I do work for a facility that requires "system drawings" for all separate operations in one area. For example, I have diagrams and layouts of the lighting, one for general purpose circuits, one for each specialized equipment circuits, and so on.
This is a very large facility that requires such separation to avoid confusion and misidentification of circuits.
In regards to a single occupancy or a dwelling, I would consider the system drawings as being the wiring diagram updated to as built.
Yes, it was a question on an exam. But it was not multiple choice. It was an exam that was part of a job application. One of many I have come across...seems to be a trend. And I have no problem with that. It is fine with me.
The question was: What is contained in the "System Drawings"?
But after several weeks of searching for the answer I am flustered.
It seems too broad of a question. You have electrical systems, fire alarm systems, plumbing systems, roof systems, etc.
But, as the question is so broad, so should be the answer? "All the parts & components of the system"!!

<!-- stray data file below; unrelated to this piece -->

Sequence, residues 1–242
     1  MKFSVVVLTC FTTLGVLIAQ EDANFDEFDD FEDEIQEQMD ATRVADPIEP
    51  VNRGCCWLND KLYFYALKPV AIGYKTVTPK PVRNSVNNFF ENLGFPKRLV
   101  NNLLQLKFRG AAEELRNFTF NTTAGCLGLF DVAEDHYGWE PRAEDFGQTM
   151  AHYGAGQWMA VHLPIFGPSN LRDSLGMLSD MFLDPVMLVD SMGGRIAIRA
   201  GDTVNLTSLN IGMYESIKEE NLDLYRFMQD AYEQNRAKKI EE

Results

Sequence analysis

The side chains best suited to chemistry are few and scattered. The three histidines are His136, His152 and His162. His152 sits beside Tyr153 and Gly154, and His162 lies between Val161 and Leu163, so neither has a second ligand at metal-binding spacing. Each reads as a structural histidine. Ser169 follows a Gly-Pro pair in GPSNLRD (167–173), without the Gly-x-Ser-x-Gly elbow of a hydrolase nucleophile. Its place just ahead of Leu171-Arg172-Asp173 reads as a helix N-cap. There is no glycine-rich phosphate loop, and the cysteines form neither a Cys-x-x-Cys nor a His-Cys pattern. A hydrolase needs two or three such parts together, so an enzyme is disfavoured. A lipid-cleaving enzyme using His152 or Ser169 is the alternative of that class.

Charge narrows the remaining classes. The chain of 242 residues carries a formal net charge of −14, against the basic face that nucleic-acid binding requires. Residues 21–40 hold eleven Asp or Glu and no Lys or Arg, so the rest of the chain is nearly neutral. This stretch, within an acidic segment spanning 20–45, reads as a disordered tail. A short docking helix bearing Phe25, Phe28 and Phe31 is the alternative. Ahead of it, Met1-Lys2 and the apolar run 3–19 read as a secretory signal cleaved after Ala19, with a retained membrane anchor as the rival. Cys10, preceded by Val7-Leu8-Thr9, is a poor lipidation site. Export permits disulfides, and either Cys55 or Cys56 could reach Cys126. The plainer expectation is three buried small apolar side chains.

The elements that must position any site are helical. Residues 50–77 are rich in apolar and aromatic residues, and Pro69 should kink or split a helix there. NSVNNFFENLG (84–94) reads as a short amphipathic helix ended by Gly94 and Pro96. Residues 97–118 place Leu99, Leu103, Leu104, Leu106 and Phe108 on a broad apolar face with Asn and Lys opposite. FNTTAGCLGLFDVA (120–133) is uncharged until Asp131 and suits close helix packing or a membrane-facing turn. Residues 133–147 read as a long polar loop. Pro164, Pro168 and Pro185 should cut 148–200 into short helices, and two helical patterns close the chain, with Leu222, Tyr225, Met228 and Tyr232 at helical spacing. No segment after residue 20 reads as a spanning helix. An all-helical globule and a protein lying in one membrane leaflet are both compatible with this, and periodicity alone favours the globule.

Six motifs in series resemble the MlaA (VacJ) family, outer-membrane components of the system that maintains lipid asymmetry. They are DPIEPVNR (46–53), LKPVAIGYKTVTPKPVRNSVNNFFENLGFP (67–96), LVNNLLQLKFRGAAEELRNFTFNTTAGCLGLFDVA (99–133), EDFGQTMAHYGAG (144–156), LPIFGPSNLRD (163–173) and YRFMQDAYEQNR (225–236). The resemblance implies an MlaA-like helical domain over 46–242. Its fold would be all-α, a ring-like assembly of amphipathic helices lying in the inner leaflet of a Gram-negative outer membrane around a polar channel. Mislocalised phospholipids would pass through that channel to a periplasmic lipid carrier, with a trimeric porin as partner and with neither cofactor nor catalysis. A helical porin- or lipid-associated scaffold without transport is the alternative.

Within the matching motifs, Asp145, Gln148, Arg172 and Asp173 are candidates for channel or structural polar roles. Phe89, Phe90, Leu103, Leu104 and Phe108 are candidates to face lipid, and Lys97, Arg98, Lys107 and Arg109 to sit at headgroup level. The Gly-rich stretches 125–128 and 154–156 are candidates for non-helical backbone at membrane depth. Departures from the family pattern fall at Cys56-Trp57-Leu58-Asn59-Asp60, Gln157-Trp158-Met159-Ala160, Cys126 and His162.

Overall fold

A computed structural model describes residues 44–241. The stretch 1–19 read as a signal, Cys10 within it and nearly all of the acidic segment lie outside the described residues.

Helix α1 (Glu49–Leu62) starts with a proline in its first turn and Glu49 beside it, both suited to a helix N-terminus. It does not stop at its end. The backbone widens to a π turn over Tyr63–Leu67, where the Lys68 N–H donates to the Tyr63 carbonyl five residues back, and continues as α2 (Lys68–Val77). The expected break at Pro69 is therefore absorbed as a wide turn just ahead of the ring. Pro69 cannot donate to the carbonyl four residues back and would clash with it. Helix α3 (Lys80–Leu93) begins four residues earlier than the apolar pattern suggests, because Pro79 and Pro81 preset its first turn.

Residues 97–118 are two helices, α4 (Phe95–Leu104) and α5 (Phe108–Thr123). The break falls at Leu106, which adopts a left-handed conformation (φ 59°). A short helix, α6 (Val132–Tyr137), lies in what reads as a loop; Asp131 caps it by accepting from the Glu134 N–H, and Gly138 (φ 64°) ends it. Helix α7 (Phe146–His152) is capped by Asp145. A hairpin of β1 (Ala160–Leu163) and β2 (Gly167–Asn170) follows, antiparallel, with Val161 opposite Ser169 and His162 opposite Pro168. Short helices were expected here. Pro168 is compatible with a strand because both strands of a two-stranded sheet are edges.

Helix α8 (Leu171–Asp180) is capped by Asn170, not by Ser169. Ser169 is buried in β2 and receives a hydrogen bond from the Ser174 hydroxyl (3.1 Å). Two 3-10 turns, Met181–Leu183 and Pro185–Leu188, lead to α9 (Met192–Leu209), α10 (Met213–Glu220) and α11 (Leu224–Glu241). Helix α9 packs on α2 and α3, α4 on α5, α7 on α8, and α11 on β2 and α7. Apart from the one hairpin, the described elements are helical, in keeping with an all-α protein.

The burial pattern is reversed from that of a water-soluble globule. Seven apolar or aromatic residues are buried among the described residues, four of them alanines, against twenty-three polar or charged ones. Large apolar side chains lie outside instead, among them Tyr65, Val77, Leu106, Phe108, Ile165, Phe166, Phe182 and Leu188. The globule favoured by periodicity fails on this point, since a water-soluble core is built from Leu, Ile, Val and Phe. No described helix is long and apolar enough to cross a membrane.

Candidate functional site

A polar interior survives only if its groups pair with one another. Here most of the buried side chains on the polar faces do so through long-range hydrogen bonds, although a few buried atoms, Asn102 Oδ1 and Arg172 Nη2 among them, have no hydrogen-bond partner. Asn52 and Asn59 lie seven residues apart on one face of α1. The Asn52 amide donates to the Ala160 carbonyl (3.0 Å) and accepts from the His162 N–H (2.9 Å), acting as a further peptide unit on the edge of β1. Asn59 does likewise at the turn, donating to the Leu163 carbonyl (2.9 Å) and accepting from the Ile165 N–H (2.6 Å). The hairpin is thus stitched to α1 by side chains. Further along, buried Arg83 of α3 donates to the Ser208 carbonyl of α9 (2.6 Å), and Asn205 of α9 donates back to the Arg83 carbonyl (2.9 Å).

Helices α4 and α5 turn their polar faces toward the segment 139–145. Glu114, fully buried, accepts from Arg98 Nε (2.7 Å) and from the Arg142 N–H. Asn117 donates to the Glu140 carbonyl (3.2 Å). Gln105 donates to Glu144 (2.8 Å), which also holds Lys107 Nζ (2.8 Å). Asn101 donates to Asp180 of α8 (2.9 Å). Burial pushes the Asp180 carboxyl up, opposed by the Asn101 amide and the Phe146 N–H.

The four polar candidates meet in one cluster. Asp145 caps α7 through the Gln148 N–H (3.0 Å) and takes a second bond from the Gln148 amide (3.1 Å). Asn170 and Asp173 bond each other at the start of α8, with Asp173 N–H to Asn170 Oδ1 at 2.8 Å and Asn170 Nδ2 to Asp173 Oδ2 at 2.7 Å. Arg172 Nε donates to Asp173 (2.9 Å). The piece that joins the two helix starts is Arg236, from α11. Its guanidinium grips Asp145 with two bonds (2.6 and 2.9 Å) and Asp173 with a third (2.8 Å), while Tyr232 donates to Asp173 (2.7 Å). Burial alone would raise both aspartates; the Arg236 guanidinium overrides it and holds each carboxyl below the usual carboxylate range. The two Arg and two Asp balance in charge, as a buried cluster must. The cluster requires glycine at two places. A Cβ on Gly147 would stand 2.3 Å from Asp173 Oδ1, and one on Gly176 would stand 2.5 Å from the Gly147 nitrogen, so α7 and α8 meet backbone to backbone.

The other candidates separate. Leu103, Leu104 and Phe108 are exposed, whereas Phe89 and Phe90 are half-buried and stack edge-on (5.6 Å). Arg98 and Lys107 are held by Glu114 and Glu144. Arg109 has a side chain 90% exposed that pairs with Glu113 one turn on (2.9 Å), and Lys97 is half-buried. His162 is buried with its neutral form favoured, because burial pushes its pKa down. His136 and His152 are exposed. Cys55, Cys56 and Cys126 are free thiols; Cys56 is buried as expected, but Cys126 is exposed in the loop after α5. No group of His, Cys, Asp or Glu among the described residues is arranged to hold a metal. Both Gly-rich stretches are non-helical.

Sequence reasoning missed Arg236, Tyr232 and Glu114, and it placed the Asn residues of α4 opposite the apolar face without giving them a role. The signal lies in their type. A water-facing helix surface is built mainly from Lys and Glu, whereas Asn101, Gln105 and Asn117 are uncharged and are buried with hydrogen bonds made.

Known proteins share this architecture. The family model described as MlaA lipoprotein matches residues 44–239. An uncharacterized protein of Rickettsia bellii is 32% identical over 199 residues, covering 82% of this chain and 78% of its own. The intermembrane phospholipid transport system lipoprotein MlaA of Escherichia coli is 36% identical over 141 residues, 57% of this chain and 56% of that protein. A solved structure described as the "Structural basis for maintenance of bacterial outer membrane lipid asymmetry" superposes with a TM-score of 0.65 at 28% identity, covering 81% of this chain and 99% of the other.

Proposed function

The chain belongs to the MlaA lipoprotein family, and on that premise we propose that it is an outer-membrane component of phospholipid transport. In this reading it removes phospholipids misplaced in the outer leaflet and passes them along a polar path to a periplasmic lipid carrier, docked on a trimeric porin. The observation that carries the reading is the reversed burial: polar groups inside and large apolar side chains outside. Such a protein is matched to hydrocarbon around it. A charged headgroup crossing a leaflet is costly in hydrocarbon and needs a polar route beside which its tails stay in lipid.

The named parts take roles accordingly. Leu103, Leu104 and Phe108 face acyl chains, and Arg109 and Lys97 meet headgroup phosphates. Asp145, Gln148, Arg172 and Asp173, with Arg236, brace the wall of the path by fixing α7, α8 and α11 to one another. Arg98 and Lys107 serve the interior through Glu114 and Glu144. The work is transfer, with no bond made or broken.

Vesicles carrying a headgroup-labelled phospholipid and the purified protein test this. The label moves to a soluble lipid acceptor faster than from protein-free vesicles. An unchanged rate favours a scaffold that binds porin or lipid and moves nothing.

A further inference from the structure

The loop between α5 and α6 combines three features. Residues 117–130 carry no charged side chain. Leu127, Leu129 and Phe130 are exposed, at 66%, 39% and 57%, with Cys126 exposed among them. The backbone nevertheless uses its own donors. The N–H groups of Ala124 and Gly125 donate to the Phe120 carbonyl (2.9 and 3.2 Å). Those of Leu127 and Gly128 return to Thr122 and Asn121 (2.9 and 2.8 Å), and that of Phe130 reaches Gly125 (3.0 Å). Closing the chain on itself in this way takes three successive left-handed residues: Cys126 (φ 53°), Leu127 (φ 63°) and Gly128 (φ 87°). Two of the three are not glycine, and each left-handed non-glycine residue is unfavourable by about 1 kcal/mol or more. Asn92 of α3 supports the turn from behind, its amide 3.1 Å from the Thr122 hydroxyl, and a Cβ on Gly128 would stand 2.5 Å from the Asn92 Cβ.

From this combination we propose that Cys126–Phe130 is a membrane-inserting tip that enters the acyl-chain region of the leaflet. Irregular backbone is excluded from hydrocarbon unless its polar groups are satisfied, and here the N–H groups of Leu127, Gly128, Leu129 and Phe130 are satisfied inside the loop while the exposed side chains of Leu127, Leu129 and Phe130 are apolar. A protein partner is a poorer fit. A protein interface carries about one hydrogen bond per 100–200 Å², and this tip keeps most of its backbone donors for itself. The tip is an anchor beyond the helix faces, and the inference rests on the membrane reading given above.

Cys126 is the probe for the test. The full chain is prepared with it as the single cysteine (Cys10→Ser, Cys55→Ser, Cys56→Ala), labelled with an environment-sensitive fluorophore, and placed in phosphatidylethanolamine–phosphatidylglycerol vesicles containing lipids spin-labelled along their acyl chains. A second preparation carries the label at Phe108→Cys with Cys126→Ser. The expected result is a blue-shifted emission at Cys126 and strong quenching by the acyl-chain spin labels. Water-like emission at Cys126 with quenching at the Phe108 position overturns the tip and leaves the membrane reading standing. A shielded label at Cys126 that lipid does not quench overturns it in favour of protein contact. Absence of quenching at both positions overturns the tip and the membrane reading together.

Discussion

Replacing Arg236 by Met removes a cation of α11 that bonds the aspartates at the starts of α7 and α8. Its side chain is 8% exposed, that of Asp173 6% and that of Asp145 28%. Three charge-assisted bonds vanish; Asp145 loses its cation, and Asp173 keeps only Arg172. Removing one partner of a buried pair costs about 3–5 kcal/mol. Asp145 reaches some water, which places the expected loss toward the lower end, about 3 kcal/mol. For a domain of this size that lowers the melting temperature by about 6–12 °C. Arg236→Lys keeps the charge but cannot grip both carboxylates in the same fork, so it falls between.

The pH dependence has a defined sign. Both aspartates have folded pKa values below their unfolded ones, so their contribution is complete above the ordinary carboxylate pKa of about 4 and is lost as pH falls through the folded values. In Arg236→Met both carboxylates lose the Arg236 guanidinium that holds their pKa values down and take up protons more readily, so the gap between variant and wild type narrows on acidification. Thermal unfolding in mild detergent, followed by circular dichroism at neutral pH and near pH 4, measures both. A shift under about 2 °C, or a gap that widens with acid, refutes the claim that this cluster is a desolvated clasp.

I agree that exam questions are often vague or even worse. On a job application, I was faced with this question:
How many watts is 5 amps on a 120 volt circuit?
I had a freind (who recently died) came from electronics into machine control in a factory. He was shown a machine interlock drawing at the onterview (10 or 15 door switches in a line, -||--||--||-) and was asked about the circuit. Reply "You'll never get a signal thru all those caps!"
"It seems too broad of a question. You have electrical systems, fire alarm systems, plumbing systems, roof systems, etc..."
Low-voltage systems like voice/data/video, cctv, catv, home theater, etc., often appear in a subset of electrical drawings sometimes labelled "special systems" or something like that. the idea is, i suppose, to distinguish this stuff from typical lighting, hvac, etc. plans, since they are often bid and installed by a different contractor.